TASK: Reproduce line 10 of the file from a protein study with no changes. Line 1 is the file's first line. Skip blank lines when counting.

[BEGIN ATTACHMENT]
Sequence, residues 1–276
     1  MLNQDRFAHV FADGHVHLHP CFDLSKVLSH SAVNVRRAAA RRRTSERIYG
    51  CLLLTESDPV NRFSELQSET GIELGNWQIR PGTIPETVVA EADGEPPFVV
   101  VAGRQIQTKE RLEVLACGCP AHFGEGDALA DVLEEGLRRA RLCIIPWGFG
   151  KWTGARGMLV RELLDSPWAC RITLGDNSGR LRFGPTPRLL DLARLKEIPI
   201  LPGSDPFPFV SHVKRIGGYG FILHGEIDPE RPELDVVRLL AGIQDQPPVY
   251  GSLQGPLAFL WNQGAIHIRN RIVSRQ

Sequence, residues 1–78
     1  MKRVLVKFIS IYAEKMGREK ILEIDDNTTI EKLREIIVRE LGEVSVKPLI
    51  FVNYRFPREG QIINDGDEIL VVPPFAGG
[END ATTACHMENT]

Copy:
    51  FVNYRFPREG QIINDGDEIL VVPPFAGG